Vandhiyathevan did not feel as devastated even when the ship’s mast was struck by thunder and caught fire in the middle of the ocean. The prince’s words shook him to the core.

The oar slipped from Poongkuzhali’s hand without her knowledge. Her body lost its vitality. Only the eyes had life. She stared at the prince with those eyes.

As for the prince the severity of the tremors increased. Soon he was being lifted up and down bodily by the uncontrollable seizures.

“Sir! What shall I do? Please tell me! I cannot fathom! Where shall I take this boat? Poongkuzhali! There is a doctor in Kodikarai?” Vandhiyathevan was shaken.

Poongkuzhali had turned speechless. The prince suddenly jumped up. His body trembling, he was unsteady on his feet.

“Take me to my sister! Take me at once to the junior stateswoman!” The words came tumbling out of his mouth in a muddle.

Vandhiyathevan was happy to hear this. In that state of happiness he stood shocked and unable to think.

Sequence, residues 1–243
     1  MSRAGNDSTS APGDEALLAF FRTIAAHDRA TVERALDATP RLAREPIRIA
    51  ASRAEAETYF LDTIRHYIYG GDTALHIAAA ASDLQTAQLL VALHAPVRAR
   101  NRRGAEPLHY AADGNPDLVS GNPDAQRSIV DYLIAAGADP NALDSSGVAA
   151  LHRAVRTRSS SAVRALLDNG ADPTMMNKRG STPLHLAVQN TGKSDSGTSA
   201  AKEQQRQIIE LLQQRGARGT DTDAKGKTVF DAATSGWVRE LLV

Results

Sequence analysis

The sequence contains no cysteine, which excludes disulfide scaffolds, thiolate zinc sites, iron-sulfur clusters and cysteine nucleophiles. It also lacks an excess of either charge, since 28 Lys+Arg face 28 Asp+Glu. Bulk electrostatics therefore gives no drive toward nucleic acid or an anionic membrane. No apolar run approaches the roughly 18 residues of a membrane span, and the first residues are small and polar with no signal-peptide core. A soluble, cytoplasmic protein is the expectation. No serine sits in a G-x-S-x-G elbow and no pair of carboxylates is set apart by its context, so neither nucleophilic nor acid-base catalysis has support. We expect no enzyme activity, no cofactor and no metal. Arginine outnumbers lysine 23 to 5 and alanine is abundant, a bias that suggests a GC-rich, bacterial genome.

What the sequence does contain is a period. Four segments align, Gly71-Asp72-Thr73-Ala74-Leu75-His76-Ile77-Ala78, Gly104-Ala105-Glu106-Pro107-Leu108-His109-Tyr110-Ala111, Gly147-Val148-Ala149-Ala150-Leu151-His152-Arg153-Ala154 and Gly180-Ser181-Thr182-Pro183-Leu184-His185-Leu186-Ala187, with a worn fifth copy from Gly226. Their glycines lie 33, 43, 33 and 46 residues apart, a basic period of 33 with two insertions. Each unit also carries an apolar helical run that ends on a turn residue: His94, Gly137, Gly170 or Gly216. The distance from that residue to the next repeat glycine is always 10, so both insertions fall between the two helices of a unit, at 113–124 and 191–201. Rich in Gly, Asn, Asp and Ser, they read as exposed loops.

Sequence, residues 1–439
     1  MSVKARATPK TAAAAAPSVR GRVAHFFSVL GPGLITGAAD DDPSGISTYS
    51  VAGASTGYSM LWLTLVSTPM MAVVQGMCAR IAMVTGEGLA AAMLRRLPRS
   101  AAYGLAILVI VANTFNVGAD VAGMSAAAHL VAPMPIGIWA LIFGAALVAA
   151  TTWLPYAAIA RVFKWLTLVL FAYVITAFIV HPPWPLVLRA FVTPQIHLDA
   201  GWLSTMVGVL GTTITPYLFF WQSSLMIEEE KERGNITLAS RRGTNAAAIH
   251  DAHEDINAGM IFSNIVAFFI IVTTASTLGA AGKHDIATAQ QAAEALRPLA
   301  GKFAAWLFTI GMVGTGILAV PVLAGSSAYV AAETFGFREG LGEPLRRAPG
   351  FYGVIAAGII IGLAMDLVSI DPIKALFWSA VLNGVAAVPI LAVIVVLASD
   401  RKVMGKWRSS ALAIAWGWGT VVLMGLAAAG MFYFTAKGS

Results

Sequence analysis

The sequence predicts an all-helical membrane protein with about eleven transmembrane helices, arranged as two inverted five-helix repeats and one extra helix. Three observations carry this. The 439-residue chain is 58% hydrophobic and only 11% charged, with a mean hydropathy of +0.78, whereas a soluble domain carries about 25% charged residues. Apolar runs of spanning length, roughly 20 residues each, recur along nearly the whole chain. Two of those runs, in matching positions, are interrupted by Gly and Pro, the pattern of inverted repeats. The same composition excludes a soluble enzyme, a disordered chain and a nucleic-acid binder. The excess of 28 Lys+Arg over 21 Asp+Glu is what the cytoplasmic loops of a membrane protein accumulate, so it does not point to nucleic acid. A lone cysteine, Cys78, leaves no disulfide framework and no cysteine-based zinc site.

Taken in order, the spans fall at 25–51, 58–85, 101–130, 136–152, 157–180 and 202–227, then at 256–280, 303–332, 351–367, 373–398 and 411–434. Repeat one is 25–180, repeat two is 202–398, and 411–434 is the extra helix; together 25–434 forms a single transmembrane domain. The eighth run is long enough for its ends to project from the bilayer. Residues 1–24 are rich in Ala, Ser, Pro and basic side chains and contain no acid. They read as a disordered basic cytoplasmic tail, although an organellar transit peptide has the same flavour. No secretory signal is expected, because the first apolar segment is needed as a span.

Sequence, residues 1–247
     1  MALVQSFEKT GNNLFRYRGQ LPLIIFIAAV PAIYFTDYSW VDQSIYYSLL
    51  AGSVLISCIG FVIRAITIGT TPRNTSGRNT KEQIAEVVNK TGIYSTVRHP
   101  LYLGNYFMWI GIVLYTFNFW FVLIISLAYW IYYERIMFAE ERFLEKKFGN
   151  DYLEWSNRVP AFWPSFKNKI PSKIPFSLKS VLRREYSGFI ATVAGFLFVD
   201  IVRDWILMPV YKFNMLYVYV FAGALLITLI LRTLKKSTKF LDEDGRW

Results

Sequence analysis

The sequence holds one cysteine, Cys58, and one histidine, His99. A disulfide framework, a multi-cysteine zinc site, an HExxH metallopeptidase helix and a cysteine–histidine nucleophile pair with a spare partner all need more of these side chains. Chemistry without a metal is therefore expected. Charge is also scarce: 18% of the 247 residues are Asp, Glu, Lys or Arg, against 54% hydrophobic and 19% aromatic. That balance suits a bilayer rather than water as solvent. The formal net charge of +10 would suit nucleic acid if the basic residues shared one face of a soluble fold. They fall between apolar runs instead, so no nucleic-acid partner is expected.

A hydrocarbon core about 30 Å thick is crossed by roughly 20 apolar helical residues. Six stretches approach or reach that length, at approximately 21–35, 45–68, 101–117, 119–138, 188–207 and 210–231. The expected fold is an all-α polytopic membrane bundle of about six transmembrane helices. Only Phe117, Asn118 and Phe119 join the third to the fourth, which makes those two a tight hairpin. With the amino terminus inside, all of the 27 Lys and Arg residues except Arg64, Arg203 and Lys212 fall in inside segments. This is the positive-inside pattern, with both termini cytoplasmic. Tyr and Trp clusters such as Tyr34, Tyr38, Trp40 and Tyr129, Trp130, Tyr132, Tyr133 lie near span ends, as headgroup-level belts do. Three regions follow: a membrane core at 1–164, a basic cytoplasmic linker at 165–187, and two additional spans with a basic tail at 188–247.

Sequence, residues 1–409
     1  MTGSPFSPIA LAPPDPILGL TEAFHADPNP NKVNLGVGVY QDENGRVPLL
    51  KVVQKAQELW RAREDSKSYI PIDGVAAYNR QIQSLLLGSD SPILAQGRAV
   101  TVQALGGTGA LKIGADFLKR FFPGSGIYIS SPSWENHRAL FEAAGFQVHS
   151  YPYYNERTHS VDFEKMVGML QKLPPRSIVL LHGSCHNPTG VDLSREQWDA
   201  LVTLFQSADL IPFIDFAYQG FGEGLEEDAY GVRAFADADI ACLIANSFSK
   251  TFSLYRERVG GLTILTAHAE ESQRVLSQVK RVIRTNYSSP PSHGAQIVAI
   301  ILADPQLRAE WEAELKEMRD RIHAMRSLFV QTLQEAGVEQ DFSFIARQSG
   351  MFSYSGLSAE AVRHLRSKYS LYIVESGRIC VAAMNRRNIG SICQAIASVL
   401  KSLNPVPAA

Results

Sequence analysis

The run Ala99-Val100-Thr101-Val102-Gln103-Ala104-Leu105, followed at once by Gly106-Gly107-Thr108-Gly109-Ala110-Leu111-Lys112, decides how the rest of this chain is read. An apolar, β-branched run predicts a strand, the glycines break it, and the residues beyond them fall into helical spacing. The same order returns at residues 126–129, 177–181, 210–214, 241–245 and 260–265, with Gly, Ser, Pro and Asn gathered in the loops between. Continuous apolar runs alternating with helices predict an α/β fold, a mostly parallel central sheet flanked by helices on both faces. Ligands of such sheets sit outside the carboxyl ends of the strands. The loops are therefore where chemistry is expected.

The prince who was shaking all over said,” Sister! I am coming! I am coming to see you now! Whoever may object, I will not listen.” He proceeded as if to jump from the boat into the sea.

Fortunately Vandhiyathevan came to his senses. He realized that the fever had turned the prince delirious. He caught him from jumping into the sea.

The prince who was strong had now ten times more strength owing to the fever. He tried to wrestle out of Vandhiyathevan’s hold. Realizing that he alone cannot stop the prince Vandhiyathevan cried, “Poongkuzhali! Poongkuzhali! Help me! Hurry!”

Poongkuzhali who was standing motionless regained her life. In one leap she was next to the prince pulling his hand to stop him from falling into the water. The fever had given him the strength of a rutting elephant, it now disappeared magically. He turned into a small child.

“Sister! I will lie down quietly as you say! Don’t be sad for me, Sister! If not for you what would become of me?” The prince sobbed.

Vandhiyathevan and Poongkuzhali slowly made the prince lie down in the boat. And he did indeed lie down. His eyes stared vacantly. Words stumbled out of his mouth. Some had meaning. Others made no sense at all.